He told the senators on Tuesday and the board on Wednesday that VIPA is engaged in a cash-flow analysis that may entail revisiting the budget again "lest it runs out of cash."
Last fall, VIPA's then-executive director Gordon Finch had warned the board that it would have to do something to increase Aviation Division revenues in six months — by raising fees or by another means. An option, he said then, would be to ask the V.I. government for subsidies, something he said is a fact of life for many of the nation's port authorities, including that of Puerto Rico. "If we do not get subsidies, we have no choice but to raise rates," he said at the time.
Cutting liability insurance considered
Attorney General Iver Stridiron, a board member, said on Wednesday that a government subsidy is not "likely" to assist VIPA, adding that the administration "might look for VIPA to help them." He and Brin noted that the board has studied numerous cost-cutting measures. "We've looked at a wide range of options, including the draconian measure of cutting liability insurance," Stridiron said.
Brin said he is looking at capital improvement plans with an eye to determining what projects may not need all of the funding up front for this fiscal year.
VIPA's attorney, Donald Mills, pointed out that the Port Authority, by virtue of its signatory agreement with the airlines, is not allowed to make a profit on aviation revenues; any surplus must be returned to the airlines. At the same time, the airlines have agreed to absorb any aviation losses that VIPA may experience. "We have every legal right to increase fees," he said. "Fees were decreased by $3 million in 2001," he noted.
Representatives of American Airlines, American Eagle and Delta Air Lines were in attendance at the board meeting.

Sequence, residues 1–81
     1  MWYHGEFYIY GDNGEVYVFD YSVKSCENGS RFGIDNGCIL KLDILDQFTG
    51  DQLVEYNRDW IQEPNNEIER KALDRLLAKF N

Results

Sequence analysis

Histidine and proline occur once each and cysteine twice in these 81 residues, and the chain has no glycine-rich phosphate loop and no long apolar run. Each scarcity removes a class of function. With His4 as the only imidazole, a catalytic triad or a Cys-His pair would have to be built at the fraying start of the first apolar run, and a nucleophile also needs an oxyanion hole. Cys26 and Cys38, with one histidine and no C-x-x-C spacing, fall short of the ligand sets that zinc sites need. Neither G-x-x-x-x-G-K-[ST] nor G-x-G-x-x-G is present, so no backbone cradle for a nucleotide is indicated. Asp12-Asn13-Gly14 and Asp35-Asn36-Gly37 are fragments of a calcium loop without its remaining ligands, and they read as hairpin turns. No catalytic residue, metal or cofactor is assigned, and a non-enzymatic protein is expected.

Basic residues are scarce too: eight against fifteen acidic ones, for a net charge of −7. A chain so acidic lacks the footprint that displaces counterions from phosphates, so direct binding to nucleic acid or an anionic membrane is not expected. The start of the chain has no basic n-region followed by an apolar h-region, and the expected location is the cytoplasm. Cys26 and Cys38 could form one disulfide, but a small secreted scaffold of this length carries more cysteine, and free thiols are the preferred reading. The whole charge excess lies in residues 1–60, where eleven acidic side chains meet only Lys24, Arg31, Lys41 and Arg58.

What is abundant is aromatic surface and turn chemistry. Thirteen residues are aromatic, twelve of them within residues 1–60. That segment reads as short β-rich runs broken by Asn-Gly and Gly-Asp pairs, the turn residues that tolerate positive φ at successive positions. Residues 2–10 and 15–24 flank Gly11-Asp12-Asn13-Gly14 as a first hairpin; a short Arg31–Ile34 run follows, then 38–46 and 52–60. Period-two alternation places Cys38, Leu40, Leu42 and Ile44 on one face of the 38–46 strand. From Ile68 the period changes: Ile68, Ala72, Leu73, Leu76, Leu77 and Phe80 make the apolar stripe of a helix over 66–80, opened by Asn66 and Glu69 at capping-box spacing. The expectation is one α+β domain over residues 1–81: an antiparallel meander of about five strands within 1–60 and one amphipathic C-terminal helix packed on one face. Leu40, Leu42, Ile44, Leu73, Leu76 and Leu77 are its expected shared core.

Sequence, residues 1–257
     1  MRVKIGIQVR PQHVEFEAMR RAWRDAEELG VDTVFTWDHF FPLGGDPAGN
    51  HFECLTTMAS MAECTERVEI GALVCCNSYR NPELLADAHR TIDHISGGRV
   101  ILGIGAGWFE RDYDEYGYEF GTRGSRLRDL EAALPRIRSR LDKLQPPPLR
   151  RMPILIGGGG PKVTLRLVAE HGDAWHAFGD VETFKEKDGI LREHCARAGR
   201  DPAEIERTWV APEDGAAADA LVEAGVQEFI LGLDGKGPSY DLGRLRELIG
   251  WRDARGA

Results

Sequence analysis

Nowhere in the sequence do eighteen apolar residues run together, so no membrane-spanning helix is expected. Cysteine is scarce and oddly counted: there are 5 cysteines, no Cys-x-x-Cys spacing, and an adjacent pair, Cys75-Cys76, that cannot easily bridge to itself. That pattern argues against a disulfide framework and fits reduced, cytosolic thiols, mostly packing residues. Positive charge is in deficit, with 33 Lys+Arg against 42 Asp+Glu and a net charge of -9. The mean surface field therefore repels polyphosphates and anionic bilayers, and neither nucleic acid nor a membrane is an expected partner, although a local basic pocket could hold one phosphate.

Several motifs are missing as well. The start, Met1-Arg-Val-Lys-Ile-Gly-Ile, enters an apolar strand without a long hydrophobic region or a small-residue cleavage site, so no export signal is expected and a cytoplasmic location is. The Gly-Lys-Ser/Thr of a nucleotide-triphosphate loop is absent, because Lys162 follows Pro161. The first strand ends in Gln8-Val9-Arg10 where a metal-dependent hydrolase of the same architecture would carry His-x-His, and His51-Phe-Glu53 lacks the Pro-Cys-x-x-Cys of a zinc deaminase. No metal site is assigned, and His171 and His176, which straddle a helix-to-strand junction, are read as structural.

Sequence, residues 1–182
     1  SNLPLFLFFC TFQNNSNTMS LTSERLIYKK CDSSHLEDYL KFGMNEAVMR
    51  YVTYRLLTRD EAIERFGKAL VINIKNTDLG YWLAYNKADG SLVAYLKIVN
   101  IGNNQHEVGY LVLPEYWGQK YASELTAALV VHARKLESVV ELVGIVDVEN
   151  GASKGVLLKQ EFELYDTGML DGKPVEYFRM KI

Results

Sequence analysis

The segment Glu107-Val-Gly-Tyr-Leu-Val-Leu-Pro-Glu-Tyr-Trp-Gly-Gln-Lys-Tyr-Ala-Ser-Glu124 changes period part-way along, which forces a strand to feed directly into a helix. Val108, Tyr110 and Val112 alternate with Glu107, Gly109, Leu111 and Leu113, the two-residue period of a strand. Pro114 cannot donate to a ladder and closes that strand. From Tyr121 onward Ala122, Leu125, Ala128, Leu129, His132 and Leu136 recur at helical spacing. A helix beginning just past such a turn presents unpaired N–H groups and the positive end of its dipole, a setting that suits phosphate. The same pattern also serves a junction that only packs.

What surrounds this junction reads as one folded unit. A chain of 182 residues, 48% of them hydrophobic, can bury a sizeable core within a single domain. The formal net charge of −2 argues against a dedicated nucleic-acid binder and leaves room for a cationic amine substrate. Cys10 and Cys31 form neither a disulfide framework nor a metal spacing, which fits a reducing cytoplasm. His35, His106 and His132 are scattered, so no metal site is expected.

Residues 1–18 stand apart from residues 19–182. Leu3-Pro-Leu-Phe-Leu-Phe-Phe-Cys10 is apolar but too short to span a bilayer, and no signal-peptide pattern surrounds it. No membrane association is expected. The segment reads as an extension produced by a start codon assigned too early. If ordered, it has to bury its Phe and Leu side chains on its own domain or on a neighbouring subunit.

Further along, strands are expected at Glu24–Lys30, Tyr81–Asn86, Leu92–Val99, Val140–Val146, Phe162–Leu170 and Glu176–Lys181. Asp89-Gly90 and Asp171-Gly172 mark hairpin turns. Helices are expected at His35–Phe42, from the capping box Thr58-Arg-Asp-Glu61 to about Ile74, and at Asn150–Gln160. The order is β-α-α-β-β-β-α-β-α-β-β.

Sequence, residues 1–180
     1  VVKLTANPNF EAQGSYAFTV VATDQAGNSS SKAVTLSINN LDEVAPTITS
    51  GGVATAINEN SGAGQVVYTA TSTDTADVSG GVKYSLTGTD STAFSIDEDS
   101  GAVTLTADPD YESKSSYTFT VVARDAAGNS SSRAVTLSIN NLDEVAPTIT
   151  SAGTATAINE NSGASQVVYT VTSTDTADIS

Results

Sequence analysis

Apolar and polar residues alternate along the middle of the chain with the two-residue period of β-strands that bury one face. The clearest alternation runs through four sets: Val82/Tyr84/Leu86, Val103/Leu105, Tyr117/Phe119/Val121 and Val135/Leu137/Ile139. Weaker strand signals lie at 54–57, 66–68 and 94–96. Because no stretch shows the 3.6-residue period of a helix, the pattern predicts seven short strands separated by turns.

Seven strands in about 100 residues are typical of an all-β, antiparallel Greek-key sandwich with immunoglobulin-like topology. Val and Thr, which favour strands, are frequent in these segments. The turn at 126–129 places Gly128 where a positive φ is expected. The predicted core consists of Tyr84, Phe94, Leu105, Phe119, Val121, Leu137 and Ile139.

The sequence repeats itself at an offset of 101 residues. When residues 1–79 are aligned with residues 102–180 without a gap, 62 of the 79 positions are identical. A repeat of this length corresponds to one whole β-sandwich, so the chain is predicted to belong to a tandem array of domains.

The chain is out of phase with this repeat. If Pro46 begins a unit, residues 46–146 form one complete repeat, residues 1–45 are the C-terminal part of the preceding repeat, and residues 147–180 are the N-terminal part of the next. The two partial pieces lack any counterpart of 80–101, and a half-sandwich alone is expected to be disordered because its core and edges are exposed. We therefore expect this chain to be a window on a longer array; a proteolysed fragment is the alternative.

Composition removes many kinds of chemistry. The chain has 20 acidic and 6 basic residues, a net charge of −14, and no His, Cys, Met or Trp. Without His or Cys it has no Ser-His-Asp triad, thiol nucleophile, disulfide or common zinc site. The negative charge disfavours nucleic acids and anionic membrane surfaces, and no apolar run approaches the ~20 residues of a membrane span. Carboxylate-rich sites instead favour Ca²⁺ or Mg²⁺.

Robert de Lugo, Delta St. Thomas station manger, was asked by a board member if the fee hikes would affect service to the V.I. De Lugo said he couldn't answer that but cited a letter Delta's regional manager for properties, Steve Houlder, had written to Brin.
Houlder told Brin that "Delta is evaluating a service reduction starting in February due to the proposed increase in rates and charges."
At the meeting last September, Lowell Dyer, American's St. Croix station manager for the last 28 years, told VIPA: "Within 60 days, we would close the St. Croix station. With the pullout of the cruise ships, this would be drastic. But that is a fact; that is what we would have to do."
Queries to local American Airlines offices on Wednesday afternoon were referred to AA spokeswoman Minette Velez in San Juan. Velez said she had not "basically" received official notice of the increase. "We will have to see finally when it comes. If there is a particular requirement, we will handle it as it comes in, as we always do," she said, adding that she would comment after receiving notice from the Port Authority.
The 25 percent rate increases break down as follows:
– Landing fees, to $3.13 from $2.50 per 1,000 pounds.
– Arriving domestic passengers, to $3.24 from $2.59 per person.
– Arriving foreign passengers, to $10.19 from $8.15 per person.
– Departing commuter passengers, to $8.70 from $6.96 per person.
– Department pre-clearance passengers, to $9.63 from $7.70 per person.